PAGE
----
My apologies – this was a guest post by Alli Gerkman when I was on vacation. I didn’t realize that I had to approve this, so here’s the missing guest post:
So, I’m sitting here in a hotel room in Sacramento, one day into a two-day conference. I’d been thinking about what to write since last week when Cece asked me to guest post, but after the day I’ve had, I’m changing direction. That’s the funny thing about blogging. You never know where it’s going to take you.
I’m in Sacramento because I organize and run legal conferences around the country–about 24 each year. Usually, things go seamlessly (or almost seamlessly–it’s hard to imagine a completely error-free event). Occasionally, things don’t. Today was one of those days.
Each mistake, on its own, is relatively innocuous. The conference room is moved and is difficult to find. But people find it and life goes on.
We notice the printer left a section out of the materials. Okay. We can get Kinkos to deliver the missing section within hours.
But then the computer dies mid-presentation, forcing a speaker to finish without PowerPoint. Now people are starting to think, “What is going on here?”
I take these mistakes pretty seriously. The speakers I line up for my conferences are leaders in their fields and the attendees have given us tuition and entrusted us with two full days of their valuable time, so I don’t like to disappoint.
That said, most mistakes are out of my personal control. I could get bogged down in explaining that: “See, after I do the final edits on the materials, it goes to our printer who prints and ships the book. That missing section was there when I reviewed it, but I don’t have another review between when the finals are printed and when they are shipped to the hotel, so there was nothing I could do other than get Kinkos to print the section and send it over.”
But does anyone want to hear that? Did you even want to read it just now? Does it help address the situation in any way? Probably not. So instead, I say, “I’m sorry.”
And I mean it.
Of course, I can’t stop there. “Sorry” doesn’t mean I’m off the hook–it means I’m working harder than ever to get things back on track. But it’s a start to building a stronger relationship with our speakers and attendees. Believe it or not, some of my best evaluations have come from conferences that couldn’t catch a break. After all, it’s easy to represent your company or your brand when everything is going right, but it’s how you react when things go wrong that can set you apart.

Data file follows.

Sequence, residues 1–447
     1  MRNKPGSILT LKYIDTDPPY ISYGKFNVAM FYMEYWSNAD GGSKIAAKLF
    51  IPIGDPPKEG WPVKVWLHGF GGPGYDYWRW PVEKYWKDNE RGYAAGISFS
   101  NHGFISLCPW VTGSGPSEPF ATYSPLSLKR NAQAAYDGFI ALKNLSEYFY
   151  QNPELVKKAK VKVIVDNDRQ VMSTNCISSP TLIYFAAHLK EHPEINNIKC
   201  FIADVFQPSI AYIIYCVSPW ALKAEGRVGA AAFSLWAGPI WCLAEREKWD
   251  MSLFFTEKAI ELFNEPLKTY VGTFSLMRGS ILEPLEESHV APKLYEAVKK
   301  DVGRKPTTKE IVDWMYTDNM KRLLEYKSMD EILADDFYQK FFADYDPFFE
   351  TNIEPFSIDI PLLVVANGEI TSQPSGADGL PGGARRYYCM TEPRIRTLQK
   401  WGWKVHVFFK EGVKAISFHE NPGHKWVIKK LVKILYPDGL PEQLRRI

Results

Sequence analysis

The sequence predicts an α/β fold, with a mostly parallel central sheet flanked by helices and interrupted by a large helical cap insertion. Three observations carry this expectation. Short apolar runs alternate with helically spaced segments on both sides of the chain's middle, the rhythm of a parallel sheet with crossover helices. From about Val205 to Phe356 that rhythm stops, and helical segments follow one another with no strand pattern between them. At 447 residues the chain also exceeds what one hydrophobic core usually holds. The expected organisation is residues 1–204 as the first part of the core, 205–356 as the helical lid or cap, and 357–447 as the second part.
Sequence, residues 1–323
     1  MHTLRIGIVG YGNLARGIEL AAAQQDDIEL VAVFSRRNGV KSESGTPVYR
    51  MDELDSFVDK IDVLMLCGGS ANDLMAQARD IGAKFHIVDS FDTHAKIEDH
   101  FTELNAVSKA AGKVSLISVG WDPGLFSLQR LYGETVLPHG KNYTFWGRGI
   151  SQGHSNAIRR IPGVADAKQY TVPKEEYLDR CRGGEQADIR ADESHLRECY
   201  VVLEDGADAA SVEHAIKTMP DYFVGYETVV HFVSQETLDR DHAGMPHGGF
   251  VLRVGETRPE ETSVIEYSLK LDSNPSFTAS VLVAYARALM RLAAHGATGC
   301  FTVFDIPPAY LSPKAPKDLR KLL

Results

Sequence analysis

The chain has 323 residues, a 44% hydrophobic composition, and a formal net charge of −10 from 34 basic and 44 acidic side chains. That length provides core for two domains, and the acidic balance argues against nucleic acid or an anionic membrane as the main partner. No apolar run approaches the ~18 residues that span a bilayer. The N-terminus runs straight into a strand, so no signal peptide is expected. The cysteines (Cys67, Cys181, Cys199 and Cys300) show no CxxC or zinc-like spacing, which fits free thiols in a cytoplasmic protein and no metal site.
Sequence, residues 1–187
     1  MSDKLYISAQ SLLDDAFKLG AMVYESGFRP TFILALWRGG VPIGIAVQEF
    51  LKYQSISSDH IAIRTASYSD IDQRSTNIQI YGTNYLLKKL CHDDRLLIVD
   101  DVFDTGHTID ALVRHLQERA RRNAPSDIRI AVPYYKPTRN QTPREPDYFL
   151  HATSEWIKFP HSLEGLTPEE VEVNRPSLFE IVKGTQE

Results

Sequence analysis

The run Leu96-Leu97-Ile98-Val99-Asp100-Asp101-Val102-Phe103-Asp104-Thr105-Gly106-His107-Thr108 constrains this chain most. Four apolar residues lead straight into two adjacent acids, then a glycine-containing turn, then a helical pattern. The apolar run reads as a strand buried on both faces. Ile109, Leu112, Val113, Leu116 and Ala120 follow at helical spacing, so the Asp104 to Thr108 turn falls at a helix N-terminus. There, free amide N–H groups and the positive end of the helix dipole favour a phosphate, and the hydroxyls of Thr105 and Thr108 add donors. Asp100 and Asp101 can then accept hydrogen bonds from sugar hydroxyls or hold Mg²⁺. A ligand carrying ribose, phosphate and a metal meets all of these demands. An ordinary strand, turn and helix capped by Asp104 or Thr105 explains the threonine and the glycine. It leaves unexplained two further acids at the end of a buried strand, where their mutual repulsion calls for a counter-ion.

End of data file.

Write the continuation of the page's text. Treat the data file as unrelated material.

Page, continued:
Tomorrow is day two and I think we’re in good shape, but wish me luck.
I had an interesting conversation with Steve Gershik who writes Innovative Marketer the other day. We discussed his recent post, “An open letter to PR agencies…” which highlighted some of his frustrations over a recent PR agency search. For me, I come from the PR agency background. I truly support PR and want to see PR agencies succeed. But unfortunately, since going in-house, I have to agree with Steve’s points.
In the end, I want a successful partnership (stress partnership here). But in order to do this, you need to be honest with me regarding your workloads and what is truly possible. This way, we can set the right expectations for success. Which leads me to
Referrals are key…
In this economy, referrals are worth their weight in gold. The expectations are higher when you’re referred by a person I trust or I’ve worked with you in the past. But don’t waste this opportunity. If you do poorly in front of my executives, it looks bad for you, me and the person who referred you. In the end, I’ll never refer you again. So bring in your A game and do 150% if you’re referred to me. But one word of caution
Respect My Process
People like Steve and I are managing entire marketing programs. For me, I cannot manage the vetting process from beginning to end so I work with my colleagues to help me in the process. Don’t try to circumvent that process by trying to reach me directly. In fact, you may lose the business as a result. And for PR agencies, would you go around a reporter to the editor becuase you thought the reporter was too slow? I guess it depends but you would think twice before doing that becuase of the remifications, right?
What do you think? Are there any other points to consider?
This morning, I was a guest on the Media Bullseye Podcast. Thanks to Jenny and Chip for having me this morning. We discussed the role of social media for finding me my job, what is true authority, and the decline of the print media industry. Listen to the podcast.
I received this question from Nathalie Seoteman after she read my free ebook on using social media:
How [can you] calculate the value of a company’s online reputation and (marketing) PR 2.0 efforts? What did these activities produce, put in figures and – preferably – in euro’s/dollars? I would like to include both the reputation damage that has been diverted and the positive/negative/neutral online coverage that has been created.
This raises an interesting and very complex question. There will inevitably be tangible and intangible ways to measure the value.